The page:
The Droopy Droop Girl
There was once a shy little girl named Marie, but almost everyone called her the Droopy Droop Girl because she was always looking at her feet. Some girls were very mean to the Droopy Droop Girl. They wouldn’t play with her. They called her names. They laughed at anyone who was friendly to the Droopy Droop Girl so she ate her lunch all alone and never had anyone to play with at school.
After school, the Droopy Droop girl spent the afternoon with her mother’s friend, Miss Ida. Droopy Droop Girl really had fun at Miss Ida’s house. Sometimes they baked bread or corn muffins. Sometimes they sewed or knitted. Sometimes they polished Miss Ida’s silver while they watched old movies on TV until Droopy Droop Girl’s mama or papa came to take her home. One day the mean girls followed her after school chanting, “Droopy Droop Girl go home! Droopy Droop Girl run away!” Miss Ida stared at them from her front porch and they stopped chanting and ran away themselves.
Miss Ida asked Marie, which was Droopy Droop Girl’s real name, “Are they bullying you?” But Droopy Droop Girl just stared at her feet until Miss Ida said she’d make some peppermint tea for them both. Miss Ida had a lot of old fashion magazines and she had a brilliant idea to cheer up the Droopy Droop Girl. They got out some scissors and made paper dolls from the magazines. They cut the dolls from the thick cover paper and cut out the outfits from the thinner paper inside. They weren’t the most perfect paper dollies, but Miss Ida and Droopy Droop Girl had a lot of fun making them.
The next day, the Droopy Droop Girl took her paper dollies to school. She was playing with them all by herself when the mean girls grabbed them and tore them up. Then they all ran away except one girl. She hadn’t torn up the dolls and hadn’t run away with the others. She picked up some of the torn pieces and gave them to Droopy Droop Girl.
“I’m sorry they tore them up,” she said. “They were so pretty.”
Droopy Droop Girl just stared at her shoes.
“My name is Anita.”
Droopy Droop Girl just stared at her shoes.
“I have tape,” Anita said. “Maybe we can fix them?”
Droopy Droop Girl shook her head. “I can make some more,” she whispered. “I’ll show you tomorrow.”
Droopy Droop Girl and Miss Ida made more paper dolls. Then Droopy Droop Girl asked Miss Ida a question so quietly that Miss Ida has to get very close to hear, “Could I bring a girl here someday?”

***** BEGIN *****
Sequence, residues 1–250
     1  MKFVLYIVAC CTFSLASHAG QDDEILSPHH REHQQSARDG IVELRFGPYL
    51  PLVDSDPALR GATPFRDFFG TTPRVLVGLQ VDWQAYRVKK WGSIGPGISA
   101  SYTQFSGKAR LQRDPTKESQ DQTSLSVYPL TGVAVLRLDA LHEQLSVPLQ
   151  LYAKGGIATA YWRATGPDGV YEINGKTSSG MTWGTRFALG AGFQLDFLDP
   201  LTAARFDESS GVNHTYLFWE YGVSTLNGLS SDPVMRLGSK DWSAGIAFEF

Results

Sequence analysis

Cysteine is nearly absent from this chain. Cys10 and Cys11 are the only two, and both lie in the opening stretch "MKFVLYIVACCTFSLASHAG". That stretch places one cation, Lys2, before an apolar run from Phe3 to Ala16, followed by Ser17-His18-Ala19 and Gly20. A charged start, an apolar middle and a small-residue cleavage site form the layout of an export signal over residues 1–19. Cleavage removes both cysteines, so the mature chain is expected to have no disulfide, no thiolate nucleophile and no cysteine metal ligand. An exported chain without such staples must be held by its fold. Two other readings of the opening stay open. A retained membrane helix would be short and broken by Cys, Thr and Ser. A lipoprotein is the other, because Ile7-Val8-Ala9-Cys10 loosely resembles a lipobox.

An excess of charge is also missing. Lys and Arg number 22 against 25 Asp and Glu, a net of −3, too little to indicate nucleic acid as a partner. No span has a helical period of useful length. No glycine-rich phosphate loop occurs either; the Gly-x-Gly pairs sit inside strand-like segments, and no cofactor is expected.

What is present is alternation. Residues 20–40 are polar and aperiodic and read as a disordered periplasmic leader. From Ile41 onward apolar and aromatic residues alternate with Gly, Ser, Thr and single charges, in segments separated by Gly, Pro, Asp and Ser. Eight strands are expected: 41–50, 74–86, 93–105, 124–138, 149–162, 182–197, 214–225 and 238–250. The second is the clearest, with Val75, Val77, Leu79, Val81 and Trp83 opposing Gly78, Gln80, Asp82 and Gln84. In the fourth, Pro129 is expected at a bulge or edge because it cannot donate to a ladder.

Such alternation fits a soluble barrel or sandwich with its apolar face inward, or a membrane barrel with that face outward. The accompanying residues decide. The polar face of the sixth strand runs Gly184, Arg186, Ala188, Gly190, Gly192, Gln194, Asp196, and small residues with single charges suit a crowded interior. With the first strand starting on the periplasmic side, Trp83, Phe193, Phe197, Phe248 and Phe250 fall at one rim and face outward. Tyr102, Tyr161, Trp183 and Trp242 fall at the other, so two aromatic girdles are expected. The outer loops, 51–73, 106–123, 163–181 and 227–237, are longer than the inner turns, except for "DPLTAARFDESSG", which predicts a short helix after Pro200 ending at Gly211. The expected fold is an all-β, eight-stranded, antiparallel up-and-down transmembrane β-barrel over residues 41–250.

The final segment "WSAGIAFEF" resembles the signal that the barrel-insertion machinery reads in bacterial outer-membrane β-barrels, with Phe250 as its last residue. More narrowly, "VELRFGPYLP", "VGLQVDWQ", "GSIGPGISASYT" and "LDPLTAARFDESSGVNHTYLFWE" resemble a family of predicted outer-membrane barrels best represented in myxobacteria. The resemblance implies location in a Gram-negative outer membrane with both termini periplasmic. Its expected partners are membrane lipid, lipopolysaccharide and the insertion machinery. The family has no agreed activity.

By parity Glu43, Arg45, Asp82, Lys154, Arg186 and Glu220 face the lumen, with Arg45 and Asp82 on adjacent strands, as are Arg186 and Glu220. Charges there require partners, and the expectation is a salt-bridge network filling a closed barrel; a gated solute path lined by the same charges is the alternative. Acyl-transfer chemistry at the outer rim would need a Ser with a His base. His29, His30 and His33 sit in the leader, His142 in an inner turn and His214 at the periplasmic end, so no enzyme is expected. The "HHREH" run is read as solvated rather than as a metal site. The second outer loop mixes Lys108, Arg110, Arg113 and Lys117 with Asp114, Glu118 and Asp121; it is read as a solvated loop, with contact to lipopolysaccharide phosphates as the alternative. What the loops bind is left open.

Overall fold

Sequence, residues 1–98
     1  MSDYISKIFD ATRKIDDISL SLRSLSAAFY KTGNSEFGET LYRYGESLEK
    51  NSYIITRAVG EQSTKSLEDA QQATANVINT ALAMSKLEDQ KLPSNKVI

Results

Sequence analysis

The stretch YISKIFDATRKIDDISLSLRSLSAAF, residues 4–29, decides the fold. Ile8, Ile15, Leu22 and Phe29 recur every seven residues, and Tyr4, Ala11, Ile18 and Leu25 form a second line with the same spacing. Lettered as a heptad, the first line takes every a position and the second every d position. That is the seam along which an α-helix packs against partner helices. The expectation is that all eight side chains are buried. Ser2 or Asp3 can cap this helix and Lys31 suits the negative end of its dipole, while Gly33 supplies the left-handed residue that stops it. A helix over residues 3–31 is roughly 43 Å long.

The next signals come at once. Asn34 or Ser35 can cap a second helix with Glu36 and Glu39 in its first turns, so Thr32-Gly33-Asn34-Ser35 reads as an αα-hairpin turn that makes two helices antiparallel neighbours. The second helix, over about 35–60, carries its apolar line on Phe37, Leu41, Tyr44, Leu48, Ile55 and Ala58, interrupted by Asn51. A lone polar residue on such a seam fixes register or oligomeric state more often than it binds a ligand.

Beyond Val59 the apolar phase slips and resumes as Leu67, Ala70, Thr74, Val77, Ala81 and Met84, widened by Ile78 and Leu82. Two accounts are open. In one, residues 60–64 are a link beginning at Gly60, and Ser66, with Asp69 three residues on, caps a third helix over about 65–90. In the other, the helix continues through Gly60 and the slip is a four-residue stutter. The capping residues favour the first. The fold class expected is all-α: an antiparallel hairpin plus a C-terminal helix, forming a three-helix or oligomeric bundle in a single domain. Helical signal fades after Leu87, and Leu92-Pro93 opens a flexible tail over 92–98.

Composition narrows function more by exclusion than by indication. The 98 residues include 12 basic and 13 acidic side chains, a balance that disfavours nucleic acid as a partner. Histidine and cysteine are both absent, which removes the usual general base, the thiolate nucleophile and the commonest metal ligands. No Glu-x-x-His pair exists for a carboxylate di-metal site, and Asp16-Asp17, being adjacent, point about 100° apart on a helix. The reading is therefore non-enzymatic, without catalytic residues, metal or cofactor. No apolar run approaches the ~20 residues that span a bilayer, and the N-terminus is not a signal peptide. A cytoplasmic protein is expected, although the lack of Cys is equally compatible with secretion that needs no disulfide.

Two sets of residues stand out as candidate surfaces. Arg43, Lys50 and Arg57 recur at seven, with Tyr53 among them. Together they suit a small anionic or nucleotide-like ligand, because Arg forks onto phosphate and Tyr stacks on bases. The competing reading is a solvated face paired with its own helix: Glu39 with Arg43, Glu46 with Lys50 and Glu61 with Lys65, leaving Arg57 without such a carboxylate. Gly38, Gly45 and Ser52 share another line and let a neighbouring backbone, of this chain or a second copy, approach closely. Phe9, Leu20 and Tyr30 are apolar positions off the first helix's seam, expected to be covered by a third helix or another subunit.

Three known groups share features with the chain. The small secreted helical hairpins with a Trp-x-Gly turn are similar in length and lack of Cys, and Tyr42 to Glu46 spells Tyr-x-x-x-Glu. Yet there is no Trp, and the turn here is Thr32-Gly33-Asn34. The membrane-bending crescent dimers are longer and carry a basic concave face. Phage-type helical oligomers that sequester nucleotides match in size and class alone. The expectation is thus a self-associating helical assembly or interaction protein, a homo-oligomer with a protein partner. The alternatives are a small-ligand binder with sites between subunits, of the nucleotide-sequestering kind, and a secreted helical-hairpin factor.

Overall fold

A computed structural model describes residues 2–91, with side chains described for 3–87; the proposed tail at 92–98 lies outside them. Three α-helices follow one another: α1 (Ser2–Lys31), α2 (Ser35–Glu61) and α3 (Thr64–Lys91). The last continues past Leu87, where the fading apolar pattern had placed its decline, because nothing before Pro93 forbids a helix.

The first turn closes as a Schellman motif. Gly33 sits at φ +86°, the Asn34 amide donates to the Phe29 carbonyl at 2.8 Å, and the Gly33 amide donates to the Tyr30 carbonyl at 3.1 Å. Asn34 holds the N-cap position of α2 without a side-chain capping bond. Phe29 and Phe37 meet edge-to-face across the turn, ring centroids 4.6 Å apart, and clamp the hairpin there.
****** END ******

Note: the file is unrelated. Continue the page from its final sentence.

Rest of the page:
“Yes, you may, Marie” Miss Ida said. “Did you make a friend?”
Droopy Droop Girl just stared at her shoes until Miss Ida suggested they make corn muffins to go with their tea.
The next day, Droopy Droop Girl showed Anita the new paper dolls and invited her to Miss Ida’s house. Anita’s mother was glad she had a new friend; she never really liked the mean girls. She walked the girls to Miss Ida’s house, where she had a cup of tea while Miss Ida showed the girls how to make magazine beads by rolling strips of magazine pages on a wire and gluing the ends. When the girls had enough beads, they strung them on a string and wore them around their necks.
The girls were so proud of their beads, they wore them to school the next day. They were admired all morning, but at lunch the mean girls ripped off the necklaces and threw the beads on the ground and stomped on them. Anita and Droopy Drop Girl ran away. But one of the mean girls picked up some of the beads and took them to Anita and Droopy Droop Girl. “I’m sorry,” she said.
“Thank you, Julie,” Anita said, looking sadly at the ruined beads.
Droopy Droop Girl just stared at her feet.
A few days later, Julie and her mother came to Miss Ida’s house to apologize again. Miss Ida was teaching Droopy Droop Girl and Anita to make paper flowers, and Julie made some, too.
Julie, Anita and Droopy Droop Girl took their paper flowers to school the next day. During morning recess, the mean girls tried to grab them, but Nora, one of the mean girls, stopped them. “They’re so pretty!” she said, standing between Anita, Julie, and Droopy Droop Girl. “Leave them alone!”
The other mean girls, all two of them, ran away. After that, Nora, Julie, Anita, and Droopy Droop Girl made paper dolls, rag dolls, bead necklaces, paper flowers, folded paper animals, and knitted, crocheted, and embroidered with Miss Ida or at Droopy Droop Girl’s new friends’ houses. Soon they all had beautiful things to wear and share and they were always leaning new ways to make pretty things.
And nobody called Marie the Droopy Droop Girl anymore, because Marie held her head up with her friends and everyone else. She was still a little shy, but the only time she looked down now was when she was making something.
© Ginger Mayerson 2013